CHARLOTTE, N.C. — Rory McIlroy predicted the comeback. He talked with reporters after finishing tied for fourth at The Open and saw how Jordan Spieth had squandered a three-shot advantage, fallen behind, then tied Matt Kuchar by nearly making an ace on the back nine at Royal Birkdale.
“He’s a fighter,” McIlroy said of Spieth. “He’s shown that through his short career. He can dig himself out of these holes. … It would be great for the game if he does it. He’s an absolute star, and it would be great to see him win another one.”
Spieth pulled it off, capturing the Claret Jug in dramatic fashion to win his third major championship and put himself just a PGA Championship win away from completing the career Grand Slam. A day later, McIlroy was saying at a corporate event that he “desperately” wanted to deny Spieth that chance this week at Quail Hollow by winning the tournament himself and going after his own career slam at the Masters.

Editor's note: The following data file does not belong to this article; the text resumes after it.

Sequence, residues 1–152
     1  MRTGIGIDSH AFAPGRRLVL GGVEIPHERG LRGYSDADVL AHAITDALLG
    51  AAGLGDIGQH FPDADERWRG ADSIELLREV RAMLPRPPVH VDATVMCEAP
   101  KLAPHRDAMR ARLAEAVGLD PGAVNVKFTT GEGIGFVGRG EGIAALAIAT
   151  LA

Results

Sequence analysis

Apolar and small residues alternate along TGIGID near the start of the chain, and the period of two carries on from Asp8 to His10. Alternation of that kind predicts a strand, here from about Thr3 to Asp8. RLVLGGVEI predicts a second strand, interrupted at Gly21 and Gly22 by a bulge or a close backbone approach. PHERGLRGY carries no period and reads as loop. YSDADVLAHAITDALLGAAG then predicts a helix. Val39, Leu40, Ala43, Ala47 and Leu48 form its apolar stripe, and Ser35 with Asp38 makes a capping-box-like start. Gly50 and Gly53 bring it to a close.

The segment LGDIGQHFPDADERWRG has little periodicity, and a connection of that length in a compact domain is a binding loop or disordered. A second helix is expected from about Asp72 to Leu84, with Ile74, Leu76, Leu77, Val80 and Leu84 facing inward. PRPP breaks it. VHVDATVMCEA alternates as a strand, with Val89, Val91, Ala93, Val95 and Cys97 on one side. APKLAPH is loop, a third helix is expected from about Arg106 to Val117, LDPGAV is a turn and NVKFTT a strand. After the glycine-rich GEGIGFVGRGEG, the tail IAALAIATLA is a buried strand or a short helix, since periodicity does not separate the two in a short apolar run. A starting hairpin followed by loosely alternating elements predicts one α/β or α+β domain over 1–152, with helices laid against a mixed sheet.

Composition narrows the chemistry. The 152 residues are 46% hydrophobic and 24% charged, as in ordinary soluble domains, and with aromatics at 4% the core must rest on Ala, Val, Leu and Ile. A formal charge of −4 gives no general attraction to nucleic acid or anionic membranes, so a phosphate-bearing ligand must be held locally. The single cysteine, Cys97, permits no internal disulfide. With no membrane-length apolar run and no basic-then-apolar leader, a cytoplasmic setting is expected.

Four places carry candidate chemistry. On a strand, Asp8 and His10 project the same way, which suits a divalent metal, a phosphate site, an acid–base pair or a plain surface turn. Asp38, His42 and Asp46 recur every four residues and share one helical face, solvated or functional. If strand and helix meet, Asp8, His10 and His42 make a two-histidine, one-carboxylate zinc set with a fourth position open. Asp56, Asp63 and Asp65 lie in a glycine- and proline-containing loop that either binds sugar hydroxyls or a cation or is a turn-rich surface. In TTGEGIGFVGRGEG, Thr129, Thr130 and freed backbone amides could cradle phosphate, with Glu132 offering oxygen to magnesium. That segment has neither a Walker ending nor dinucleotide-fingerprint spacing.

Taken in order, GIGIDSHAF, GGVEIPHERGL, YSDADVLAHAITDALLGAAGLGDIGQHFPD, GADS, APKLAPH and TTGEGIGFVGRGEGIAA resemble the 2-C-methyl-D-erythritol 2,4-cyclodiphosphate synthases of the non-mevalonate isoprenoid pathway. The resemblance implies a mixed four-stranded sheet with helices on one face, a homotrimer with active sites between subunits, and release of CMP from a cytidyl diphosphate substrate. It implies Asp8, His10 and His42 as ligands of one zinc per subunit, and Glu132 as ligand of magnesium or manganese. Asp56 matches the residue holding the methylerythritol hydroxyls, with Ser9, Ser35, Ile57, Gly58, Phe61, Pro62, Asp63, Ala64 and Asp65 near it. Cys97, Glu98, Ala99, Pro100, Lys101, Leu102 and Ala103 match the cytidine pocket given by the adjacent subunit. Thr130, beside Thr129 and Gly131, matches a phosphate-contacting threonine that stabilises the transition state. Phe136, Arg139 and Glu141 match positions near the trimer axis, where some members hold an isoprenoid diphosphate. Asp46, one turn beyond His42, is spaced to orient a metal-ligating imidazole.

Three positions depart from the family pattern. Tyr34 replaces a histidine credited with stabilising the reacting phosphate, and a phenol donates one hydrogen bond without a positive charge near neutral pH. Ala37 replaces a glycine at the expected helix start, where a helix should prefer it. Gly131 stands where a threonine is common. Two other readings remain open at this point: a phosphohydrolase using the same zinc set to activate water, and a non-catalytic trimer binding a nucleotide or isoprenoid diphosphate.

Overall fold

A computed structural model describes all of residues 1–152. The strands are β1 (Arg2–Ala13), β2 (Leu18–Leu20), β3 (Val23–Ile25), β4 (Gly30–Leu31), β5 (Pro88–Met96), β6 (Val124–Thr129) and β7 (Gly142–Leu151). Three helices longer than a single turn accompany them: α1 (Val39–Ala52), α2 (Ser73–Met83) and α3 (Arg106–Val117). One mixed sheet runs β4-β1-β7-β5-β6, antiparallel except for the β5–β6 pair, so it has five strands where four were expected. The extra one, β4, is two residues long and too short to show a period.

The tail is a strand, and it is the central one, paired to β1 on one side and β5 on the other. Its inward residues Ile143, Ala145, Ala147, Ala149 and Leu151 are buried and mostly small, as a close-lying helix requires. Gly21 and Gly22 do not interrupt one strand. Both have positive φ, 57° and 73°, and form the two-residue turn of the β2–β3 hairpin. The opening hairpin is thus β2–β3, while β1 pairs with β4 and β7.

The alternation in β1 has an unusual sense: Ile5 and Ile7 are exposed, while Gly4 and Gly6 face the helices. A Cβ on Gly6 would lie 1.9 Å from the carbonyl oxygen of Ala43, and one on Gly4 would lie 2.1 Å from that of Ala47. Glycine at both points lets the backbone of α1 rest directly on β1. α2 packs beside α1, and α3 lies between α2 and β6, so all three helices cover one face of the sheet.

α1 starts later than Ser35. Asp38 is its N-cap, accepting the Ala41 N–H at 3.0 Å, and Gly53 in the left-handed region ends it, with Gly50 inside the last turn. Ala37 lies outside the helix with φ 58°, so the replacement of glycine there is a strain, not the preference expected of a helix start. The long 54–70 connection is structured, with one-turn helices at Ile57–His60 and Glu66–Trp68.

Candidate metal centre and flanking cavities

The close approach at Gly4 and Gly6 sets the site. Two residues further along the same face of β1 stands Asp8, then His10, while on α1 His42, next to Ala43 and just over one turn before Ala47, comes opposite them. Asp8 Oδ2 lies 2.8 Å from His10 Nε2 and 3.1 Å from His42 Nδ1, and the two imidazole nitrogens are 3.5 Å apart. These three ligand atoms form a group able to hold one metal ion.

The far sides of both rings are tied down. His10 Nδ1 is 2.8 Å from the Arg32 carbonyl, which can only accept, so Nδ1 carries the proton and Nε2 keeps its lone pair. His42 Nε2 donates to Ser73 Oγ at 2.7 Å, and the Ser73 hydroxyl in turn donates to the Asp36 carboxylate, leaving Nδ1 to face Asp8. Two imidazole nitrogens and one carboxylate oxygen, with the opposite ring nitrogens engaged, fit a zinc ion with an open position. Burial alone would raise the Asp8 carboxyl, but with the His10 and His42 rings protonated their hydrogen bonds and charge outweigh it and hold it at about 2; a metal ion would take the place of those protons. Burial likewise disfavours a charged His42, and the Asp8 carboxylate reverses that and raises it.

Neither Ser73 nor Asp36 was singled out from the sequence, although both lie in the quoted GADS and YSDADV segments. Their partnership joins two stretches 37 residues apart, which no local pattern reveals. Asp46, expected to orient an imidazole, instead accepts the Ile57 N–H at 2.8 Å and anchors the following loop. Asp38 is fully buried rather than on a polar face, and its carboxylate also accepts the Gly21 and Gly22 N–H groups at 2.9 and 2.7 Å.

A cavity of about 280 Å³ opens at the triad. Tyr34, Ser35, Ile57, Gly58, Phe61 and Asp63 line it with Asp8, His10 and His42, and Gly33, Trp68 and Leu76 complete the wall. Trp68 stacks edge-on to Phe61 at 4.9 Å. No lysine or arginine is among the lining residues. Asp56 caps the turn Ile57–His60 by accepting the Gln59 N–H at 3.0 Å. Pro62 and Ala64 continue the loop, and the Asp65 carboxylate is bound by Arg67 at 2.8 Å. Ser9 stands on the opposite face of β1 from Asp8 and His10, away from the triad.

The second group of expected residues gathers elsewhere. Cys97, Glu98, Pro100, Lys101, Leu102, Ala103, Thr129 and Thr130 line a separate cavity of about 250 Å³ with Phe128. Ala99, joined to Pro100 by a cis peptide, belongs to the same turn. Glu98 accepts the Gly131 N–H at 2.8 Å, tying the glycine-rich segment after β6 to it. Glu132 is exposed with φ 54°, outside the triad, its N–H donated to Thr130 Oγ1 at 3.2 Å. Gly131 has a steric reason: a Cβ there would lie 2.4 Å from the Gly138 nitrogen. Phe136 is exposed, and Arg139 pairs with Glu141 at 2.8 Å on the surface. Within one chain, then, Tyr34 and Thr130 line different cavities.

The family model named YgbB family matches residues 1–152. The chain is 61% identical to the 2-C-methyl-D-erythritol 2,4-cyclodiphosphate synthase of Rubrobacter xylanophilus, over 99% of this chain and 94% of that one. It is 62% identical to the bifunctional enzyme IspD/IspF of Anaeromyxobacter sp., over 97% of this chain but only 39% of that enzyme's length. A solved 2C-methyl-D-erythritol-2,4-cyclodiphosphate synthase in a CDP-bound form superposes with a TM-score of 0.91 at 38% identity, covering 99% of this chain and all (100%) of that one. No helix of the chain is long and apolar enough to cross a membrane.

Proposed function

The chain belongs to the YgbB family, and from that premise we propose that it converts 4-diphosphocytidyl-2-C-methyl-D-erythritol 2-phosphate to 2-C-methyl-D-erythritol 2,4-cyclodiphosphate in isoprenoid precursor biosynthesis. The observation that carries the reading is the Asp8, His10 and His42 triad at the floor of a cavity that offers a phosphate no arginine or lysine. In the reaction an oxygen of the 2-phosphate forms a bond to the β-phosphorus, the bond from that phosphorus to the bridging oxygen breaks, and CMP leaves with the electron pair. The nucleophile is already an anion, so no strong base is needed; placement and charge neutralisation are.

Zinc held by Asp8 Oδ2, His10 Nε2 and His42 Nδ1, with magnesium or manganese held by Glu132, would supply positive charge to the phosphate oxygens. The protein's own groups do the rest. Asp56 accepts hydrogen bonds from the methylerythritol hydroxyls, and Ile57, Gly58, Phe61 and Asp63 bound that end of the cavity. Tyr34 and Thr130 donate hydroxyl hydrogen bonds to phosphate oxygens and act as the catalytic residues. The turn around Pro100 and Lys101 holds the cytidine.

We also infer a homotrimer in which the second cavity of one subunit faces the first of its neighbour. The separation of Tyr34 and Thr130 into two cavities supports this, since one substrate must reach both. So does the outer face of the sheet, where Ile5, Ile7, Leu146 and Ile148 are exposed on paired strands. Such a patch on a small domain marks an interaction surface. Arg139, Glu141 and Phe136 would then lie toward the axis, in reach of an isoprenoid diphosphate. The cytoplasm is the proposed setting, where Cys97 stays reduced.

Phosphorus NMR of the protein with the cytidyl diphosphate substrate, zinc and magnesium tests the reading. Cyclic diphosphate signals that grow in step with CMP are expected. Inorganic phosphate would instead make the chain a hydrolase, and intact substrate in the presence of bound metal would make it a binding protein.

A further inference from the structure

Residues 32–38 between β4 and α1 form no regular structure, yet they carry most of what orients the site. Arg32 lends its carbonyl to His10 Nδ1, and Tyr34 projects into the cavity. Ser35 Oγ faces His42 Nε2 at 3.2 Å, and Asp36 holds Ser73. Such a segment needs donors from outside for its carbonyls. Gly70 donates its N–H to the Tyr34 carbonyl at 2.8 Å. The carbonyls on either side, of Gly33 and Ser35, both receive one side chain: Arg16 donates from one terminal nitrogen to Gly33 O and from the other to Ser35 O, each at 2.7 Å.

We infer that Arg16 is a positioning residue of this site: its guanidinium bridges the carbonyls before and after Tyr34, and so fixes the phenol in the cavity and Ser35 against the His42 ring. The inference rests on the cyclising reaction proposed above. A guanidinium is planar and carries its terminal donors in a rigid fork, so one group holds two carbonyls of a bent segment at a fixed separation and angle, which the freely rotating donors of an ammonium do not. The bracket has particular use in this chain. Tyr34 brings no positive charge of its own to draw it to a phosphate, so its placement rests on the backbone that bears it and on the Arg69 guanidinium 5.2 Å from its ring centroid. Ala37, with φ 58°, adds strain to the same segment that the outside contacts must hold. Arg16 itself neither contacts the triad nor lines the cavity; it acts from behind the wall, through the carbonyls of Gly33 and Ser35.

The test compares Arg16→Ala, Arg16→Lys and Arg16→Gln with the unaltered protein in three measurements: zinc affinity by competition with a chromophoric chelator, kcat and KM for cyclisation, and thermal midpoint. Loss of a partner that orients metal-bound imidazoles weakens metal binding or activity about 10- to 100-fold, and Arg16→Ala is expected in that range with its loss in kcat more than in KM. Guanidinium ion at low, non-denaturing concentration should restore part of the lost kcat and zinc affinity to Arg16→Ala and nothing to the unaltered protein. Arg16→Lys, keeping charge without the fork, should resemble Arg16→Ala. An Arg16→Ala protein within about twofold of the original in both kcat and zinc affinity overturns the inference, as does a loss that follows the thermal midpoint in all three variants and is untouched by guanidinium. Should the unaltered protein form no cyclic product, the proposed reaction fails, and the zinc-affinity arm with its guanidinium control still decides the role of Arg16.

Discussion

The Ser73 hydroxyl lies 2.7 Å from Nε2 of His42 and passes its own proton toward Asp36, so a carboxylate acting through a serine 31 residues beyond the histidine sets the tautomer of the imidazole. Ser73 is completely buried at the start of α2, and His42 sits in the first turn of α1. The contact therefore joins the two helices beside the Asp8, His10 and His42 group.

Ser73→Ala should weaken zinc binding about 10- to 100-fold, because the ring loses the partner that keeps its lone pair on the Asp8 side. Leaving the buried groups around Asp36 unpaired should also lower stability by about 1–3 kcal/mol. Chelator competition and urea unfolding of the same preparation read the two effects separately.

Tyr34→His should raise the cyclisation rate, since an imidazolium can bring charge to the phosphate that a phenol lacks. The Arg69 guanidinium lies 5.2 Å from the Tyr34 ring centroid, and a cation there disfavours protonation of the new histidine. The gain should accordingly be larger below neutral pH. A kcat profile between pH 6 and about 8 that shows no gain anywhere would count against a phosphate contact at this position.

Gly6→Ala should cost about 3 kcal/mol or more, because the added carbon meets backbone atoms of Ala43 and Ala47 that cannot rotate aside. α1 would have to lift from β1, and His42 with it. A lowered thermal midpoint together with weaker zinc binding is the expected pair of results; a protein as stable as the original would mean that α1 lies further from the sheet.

But as the year’s final major championship approached, McIlroy reassessed and took a more pragmatic approach.
“Jordan has a great chance at doing it, which would be huge for the game,” McIlroy said. “Tiger [Woods] was able to do it at 24, and Jordan has a great chance to do it at the same age, which is historic in itself.
“Look, I think I have a great record at Quail Hollow, I feel like I have a good chance, but I don’t think there was any greater sense of urgency. My chance doesn’t come until April next year, so I can play well; but, if Jordan plays better, then Jordan plays better and I take my hat off to him and he’s done something that the game’s only seen a couple of times.”
No one would guarantee McIlroy the Wanamaker Trophy this week, but if ever you were to pencil in a player to win a major championship at a specific venue, his name would be the one to scribble down next to “PGA, Quail Hollow, 2017.”
The Northern Irishman fired a final-round 62 to win his first PGA Tour title at the course in 2010, then won at Quail Hollow again in 2015 after a playoff loss against Rickie Fowler in 2012.
And as the PGA Championship begins Thursday at the familiar venue, McIlroy couldn’t help but think about it.